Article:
TABLE 1__________________________________________________________________________ TYPICAL "KEY" TABLEJAN   FEB    MAR APR           MAY JUN                  JUL                     AUG SEP                            OCT                               NOV DEC__________________________________________________________________________1977   5  20 9   10 11  12 13 3   4  5  6   7   19771978   11 15 1   2  3   4  5  9   10 11 12  13  19781979   3  16 7   8  9   10 11 1   2  3  4   5   19791980   9  17 5   6  7   8  9  13  14 1  2   3   19801981   7  18 11  12 13  14 1  5   6  7  8   9   19811982   13 19 3   4  5   6  7  11  12 13 14  1   19821983   5  20 9   10 11  12 13 3   4  5  6   7   19831984   11 21 7   8  9   10 11 1   2  3  4   5   19841985   9  22 13  14 1   2  3  7   8  9  10  11  19851986   1  23 5   6  7   8  9  13  14 1  2   3   19861987   7  18 11  12 13  14 1  5   6  7  8   9   19871988   13 24 9   10 11  12 13 3   4  5  6   7   19881989   11 15 1   2  3   4  5  9   10 11 12  13  19891990   3  16 7   8  9   10 11 1   2  3  4   5   19901991   9  22 13  14 1   2  3  7   8  9  10  11  19911992   1  25 11  12 13  14 1  5   6  7  8   9   19921993   13 19 3   4  5   6  7  11  12 13 14  1   19931994   5  20 9   10 11  12 13 3   4  5  6   7   19941995   11 15 1   2  3   4  5  9   10 11 12  13  19951996   3  26 13  14 1   2  3  7   8  9  10  11  19961997   1  23 5   6  7   8  9  13  14 1  2   3   19971998   7  18 11  12 13  14 1  5   6  7  8   9   19981999   13 19 3   4  5   6  7  11  12 13 14  1   19992000   5  27 1   2  3   4  5  9   10 11 12  13  20002001   3  16 7   8  9   10 11 1   2  3  4   5   20012002   9  22 13  14 1   2  3  7   8  9  10  11  20022003   1  23 5   6  7   8  9  13  14 1  2   3   20032004   7  28 3   4  5   6  7  11  12 13 14  1   20042005   5  20 9   10 11  12 13 3   4  5  6   7   2005   JAN FEB    MAR APR           MAY JUN                  JUL                     AUG SEP                            OCT                               NOV DEC__________________________________________________________________________ The above table lists the page number of the "month calender" stack to us for any given year and month until the year 2005. Enter year horizontally and month vertically. For example the page number to use for March, 1980 is page 5.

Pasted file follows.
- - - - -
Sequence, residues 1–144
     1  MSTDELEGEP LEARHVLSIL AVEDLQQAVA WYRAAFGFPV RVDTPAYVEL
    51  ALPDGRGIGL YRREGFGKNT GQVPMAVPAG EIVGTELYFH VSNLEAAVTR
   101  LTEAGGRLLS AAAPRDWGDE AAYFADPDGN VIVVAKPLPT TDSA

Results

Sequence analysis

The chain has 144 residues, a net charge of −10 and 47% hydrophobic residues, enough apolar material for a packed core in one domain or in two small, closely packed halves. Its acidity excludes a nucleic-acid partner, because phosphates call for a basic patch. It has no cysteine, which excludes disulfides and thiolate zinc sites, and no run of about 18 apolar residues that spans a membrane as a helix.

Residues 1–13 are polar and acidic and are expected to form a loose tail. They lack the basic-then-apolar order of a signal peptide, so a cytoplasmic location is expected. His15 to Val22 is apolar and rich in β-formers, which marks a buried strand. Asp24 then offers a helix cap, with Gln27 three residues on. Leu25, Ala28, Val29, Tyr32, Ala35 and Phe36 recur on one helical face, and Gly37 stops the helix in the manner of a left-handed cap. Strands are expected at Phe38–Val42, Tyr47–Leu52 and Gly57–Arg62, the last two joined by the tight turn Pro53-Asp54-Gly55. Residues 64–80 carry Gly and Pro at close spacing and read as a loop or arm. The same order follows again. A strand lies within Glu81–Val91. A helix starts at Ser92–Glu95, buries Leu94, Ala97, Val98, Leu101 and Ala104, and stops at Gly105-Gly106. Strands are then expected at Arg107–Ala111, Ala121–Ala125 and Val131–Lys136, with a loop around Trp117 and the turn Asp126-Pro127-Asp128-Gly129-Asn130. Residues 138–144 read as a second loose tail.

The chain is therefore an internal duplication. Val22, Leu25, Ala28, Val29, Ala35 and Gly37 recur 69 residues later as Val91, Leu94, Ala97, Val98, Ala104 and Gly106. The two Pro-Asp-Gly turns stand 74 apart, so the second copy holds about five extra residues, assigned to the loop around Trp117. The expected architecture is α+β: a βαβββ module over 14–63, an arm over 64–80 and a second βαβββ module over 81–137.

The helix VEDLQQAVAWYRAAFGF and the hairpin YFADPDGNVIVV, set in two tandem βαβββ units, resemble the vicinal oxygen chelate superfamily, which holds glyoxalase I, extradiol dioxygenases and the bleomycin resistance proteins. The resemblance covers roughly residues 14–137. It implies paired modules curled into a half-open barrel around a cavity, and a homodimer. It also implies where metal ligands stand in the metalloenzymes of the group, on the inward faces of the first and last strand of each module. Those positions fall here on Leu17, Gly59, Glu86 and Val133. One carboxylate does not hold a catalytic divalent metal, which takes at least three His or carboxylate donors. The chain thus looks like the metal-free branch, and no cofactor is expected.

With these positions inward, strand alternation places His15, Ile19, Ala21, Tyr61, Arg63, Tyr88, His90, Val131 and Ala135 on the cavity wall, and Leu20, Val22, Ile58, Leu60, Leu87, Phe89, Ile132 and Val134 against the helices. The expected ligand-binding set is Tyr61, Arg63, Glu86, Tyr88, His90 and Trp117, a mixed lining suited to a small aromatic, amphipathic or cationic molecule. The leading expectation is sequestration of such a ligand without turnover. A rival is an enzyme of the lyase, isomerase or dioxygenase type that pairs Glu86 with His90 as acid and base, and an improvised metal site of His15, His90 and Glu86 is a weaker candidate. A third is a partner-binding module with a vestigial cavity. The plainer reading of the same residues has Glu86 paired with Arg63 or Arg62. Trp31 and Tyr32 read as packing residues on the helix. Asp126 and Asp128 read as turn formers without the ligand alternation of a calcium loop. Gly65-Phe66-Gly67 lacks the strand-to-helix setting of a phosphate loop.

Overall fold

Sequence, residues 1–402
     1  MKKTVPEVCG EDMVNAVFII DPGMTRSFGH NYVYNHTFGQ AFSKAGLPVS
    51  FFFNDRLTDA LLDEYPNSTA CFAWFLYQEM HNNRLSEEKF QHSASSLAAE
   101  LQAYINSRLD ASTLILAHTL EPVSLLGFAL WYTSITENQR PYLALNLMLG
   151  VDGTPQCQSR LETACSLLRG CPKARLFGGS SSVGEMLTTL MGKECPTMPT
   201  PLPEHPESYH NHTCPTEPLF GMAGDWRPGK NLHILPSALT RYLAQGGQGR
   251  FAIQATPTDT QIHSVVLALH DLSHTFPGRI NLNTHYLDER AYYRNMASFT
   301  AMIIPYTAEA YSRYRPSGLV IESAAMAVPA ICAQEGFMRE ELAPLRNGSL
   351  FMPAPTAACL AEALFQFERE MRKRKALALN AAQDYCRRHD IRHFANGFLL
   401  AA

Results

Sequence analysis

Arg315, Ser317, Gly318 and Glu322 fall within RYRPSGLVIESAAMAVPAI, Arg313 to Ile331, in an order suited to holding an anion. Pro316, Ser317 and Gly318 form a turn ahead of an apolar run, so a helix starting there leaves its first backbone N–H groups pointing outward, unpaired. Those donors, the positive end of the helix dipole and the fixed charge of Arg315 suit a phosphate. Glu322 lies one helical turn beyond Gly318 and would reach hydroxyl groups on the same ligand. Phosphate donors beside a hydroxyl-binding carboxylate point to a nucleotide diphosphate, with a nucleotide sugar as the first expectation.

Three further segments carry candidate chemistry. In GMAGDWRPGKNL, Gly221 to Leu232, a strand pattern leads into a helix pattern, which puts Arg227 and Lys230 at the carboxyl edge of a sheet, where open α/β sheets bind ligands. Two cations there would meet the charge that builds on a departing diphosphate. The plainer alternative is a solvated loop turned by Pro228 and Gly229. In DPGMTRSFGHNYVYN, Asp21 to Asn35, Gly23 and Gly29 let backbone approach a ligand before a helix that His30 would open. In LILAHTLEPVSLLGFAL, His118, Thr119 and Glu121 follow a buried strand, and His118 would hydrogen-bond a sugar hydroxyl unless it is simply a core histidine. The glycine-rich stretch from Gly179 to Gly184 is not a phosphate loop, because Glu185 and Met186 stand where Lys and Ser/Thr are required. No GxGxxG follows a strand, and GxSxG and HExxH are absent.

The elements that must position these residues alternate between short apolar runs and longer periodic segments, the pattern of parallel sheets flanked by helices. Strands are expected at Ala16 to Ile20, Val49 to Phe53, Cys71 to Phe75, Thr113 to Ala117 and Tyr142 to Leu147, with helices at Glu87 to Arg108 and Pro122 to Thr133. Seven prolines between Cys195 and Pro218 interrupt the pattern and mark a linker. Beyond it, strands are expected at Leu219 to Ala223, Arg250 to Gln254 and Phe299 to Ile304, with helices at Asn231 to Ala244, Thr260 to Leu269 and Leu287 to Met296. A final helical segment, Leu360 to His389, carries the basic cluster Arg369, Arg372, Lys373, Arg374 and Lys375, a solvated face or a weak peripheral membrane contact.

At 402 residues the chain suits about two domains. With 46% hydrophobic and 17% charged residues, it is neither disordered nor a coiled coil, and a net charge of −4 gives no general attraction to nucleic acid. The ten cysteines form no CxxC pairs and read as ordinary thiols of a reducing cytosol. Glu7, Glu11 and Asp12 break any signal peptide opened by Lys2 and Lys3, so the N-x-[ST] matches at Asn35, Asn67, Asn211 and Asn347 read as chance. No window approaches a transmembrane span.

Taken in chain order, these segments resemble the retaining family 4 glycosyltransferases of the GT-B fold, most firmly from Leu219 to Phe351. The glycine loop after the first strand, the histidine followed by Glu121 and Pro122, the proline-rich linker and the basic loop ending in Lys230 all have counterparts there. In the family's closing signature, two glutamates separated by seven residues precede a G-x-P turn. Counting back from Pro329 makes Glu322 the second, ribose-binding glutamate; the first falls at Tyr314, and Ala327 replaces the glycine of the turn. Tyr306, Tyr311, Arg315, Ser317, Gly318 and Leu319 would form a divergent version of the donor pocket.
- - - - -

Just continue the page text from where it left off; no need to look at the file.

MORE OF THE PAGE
TABLE 2__________________________________________________________________________TYPICAL CONSTRUCTION OF "MONT CALENDAR" STACKMake-up of sheets of"Month Calendar" Stack      Length          First ofSheet    Table**      of  MonthNo. 1   Side*      Month          On__________________________________________________________________________1   1   front      31  Wed ↑                    ↑                          ↑                                ↑1   2   back      30  Sat ↑                    ↑                          ↑                                ↑2   3   front      31  Mon ↑                    ↑                          ↑                                ↑2   4   back      30  Thr ↑                    ↑                          ↑                                ↑3   5   front      31  Sat ↑                    ↑                          ↑                                ↑3   6   back      30  Tue ↑                    ↑                          ↑                                ↑4   7   front      31  Thr Use of 8                    ↑                          ↑                                ↑4   8   back      30  Sun sheets gives                    ↑                          ↑                                ↑5   9   front      31  Tue 2 year life                    Use of 10                          ↑                                ↑5   10  back      30  Fri ↓                    sheets gives                          ↑                                ↑6   11  front      31  Sun ↓                    6 year life                          Use of 12                                ↑6   12  back      30  Wed ↓                    ↓                          sheets gives                                ↑7   13  front      31  Fri ↓                    ↓                          11 year life                                Use of 147   14  back      30  Mon ↓                    ↓                          ↓                                sheets gives8   15  front      28  Wed ↓                    ↓                          ↓                                infinite life8   16  back      28  Thr ↓                    ↓                          ↓                                ↓9   17  front      29  Fri       ↓                          ↓                                ↓9   18  back      28  Sun       ↓                          ↓                                ↓10  19  front      28  Mon       ↓                          ↓                                ↓10  20  back      28  Tue       ↓                          ↓                                ↓11  12  front      29  Wed             ↓                                ↓11  22  back      28  Fri             ↓                                ↓12  23  front      28  Sat             ↓                                ↓12  24  back      29  Mon             ↓                                ↓13  25  front      29  Sat                   ↓13  26  back      29  Thr                   ↓14  27  front      29  Tue                   ↓14  28  back      29  Sun                   ↓__________________________________________________________________________ *Where Front is defined as the side of the assembly which 31 day months face, and back is defined as the side of the assembly the 30 day months face. **Corresponds to the Key specified in "Key" Table 1.